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  • Insights On Efficiency


12 Key Elements of Total Cost of Ownership

Posted by John Chrzanowski, Senior VP Operations & Admin

Traditionally, Total Cost of Ownership (TCO) has been a calculation intended to help buyers and owners determine the direct and indirect costs of procuring a product. In supply chain management, vendor managed inventory programs involve managing the process up to and including point of use on an assembly line. In this case, the calculation includes the direct and indirect cost of procuring a product but extends beyond the procurement process to include the costs incurred throughout the supply chain to assure a smooth integration into a final assembly.

supply chain is like an iceberg

The materiality and value of each component of the TCO in Supply Chain Management will vary significantly by item depending on specific characteristics, some of which include:

  • Item value
  • Minimum order quantities
  • Material content
  • Physical characteristics
  • Method of delivery/lead time/freight and logistics
  • Source of supply
  • Volatility of demand
  • Product life cycle/obsolescence
  • Order processing costs
  • Application
  • Program management costs
  • Opportunity costs

Item value, minimum order requirements, material content, physical characteristics, method of delivery and lead time, source of supply, volatility of demand, and product life cycle all influence ordering and stocking decisions in a properly managed supply chain. Understanding these components and their respective impact on investment requirements and investment risk is critical to understanding the TCO. These components impact the inventory processing and holding costs such as warehousing labor, occupancy, and financing costs. For example, high value items result in higher financing costs while smaller, lightweight items (physical characteristics) can require little or no additional facilities or labor to handle.

These components also can impact investment risk, an often under estimated component of TCO. Lead time, volatility of demand, and product life cycle all impact investment risk in the form of dormant or obsolete inventory. Dormant inventory is inventory with no activity for long periods of time and obsolete inventory is inventory that has reached the end of its product life cycle. Detailed analytics are essential to optimize inventory with consideration for these components.

Order processing costs may seem like an obvious component of TCO, but the materiality of its impact on TCO can vary significant based on the previously mentioned components and even more significantly from one organization or industry to another. For example, a capital equipment manufacturer may not have the same systems and efficiencies in its order processing methodologies as an electronic assembly house with systems designed to handle a higher number of components and purchasing transactions. Supply chain management systems drive order processing methodologies focused on timely and efficient communication with suppliers optimizing order processing costs eliminating the burden on manufacturers. The duration of order processing should be included in the lead time of a good and is directly correlated to the order processing cost. Optimized systems with the right part profiles complete order processes instantaneously.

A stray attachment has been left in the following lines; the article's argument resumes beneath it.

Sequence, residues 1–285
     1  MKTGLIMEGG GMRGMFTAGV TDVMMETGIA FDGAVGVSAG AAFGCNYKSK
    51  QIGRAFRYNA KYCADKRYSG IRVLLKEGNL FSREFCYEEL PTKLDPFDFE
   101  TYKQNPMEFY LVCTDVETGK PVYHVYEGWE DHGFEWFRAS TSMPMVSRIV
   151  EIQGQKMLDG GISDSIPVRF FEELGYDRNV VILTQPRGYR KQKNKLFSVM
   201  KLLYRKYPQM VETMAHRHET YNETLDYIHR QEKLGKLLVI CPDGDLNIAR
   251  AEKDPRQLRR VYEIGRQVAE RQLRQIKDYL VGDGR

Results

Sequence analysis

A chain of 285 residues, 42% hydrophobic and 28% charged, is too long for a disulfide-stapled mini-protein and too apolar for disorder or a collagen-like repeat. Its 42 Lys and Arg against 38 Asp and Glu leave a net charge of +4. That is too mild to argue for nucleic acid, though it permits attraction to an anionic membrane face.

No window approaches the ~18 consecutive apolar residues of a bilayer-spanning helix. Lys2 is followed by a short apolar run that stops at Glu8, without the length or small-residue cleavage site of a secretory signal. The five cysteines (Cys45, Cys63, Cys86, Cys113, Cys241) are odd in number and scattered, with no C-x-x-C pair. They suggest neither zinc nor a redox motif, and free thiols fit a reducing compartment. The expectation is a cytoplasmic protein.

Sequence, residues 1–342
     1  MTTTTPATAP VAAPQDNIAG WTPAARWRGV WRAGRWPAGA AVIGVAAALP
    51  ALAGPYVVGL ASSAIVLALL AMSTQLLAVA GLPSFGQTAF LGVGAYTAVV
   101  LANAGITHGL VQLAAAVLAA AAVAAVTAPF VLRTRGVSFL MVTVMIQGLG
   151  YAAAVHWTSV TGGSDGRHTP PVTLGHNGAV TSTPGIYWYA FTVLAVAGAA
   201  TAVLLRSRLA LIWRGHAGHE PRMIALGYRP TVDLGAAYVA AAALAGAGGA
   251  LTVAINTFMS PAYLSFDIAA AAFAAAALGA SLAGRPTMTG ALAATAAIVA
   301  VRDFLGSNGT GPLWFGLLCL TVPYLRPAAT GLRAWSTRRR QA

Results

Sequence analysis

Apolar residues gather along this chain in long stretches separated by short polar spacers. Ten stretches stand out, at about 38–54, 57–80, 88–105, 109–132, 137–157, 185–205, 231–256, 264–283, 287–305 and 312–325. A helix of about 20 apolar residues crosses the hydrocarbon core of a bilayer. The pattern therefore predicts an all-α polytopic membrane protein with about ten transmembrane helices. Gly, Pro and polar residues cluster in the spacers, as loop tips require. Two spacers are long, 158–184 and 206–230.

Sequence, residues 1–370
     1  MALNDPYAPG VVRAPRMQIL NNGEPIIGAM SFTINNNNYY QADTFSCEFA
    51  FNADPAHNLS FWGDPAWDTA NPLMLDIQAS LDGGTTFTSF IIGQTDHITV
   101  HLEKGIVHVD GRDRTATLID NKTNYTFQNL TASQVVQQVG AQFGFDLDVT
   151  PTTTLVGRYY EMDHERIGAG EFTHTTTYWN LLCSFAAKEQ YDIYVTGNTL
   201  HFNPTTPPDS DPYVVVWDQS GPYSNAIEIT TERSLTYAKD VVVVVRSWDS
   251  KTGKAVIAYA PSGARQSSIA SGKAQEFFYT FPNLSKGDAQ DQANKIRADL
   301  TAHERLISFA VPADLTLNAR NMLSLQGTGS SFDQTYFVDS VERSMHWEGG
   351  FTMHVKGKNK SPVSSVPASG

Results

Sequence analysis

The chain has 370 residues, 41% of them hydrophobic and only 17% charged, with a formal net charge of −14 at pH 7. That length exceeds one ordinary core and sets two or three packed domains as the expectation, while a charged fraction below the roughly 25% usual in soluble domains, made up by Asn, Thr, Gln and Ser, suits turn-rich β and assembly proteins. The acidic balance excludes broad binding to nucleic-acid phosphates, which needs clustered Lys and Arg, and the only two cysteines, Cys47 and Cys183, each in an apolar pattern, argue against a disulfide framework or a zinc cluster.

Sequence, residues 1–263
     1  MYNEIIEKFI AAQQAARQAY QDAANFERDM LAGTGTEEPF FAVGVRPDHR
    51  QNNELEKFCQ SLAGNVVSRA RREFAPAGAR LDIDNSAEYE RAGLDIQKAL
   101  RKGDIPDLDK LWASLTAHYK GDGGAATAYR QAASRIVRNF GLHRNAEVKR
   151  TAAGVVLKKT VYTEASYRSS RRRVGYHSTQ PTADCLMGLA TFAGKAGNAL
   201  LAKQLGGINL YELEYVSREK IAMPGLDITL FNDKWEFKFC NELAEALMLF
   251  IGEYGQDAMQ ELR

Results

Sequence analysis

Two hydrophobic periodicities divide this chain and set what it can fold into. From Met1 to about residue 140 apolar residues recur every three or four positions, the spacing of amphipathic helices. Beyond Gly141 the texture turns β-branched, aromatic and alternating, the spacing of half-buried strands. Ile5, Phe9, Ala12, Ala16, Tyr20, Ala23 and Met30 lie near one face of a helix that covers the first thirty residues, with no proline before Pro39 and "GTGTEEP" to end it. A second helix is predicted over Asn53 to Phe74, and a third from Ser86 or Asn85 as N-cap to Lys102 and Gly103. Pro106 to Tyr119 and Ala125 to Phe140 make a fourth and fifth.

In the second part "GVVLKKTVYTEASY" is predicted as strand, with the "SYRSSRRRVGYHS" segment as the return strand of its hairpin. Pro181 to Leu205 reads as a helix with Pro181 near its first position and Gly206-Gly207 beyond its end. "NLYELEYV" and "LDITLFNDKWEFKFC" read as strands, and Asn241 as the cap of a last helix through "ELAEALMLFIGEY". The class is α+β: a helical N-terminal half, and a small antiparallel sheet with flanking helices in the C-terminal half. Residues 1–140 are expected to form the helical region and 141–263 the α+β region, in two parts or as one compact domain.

The application for an item directly influences the total cost of ownership. Understanding the application defines engineering, quality, and technical requirements. The best in supply chain management companies engage in understanding applications to add expertise specific to product classes outsourced. For example, products utilized in high temperature or corrosive environments may require certification of suppliers and materials combined with specialized plating all with little or no tolerance of variance in the manufacturing processes.

Vendor managed inventory costs are the single biggest variable in understanding the total cost of ownership in supply chain management once getting by the product characteristics. Developing tailored programs that match customer requirements and expectations requires attention to detail as does understanding the cost of those services. Some customers may be facing capacity issues limiting available space resulting in offsite storage and variations in the type of program needed to facilitate the smoothest flow of goods to assembly lines. Others may have excess capacity and desire higher volumes of onsite inventory requiring lower replenishment costs. Supply chain experts analyze your processes and develop a program to optimize the total cost of ownership for your situation.

Opportunity cost is the most overlooked component of the total cost of ownership. Where do you generate the most value? What is the lost opportunity if you are taking time away from your core competencies? The additional work and attention to detail to accurately measure and optimize the total cost of ownership takes focus and a partner who recognizes the process as part of their competency so you can focus on yours.

The calculation for Total cost of ownership (TCO) has been around for decades in its simplest form. For supply chain management companies, the equation has been extended along with integration in customers processes, improved analytics, and the desire to be the best in our core competencies.

Topics: Total Cost of Ownership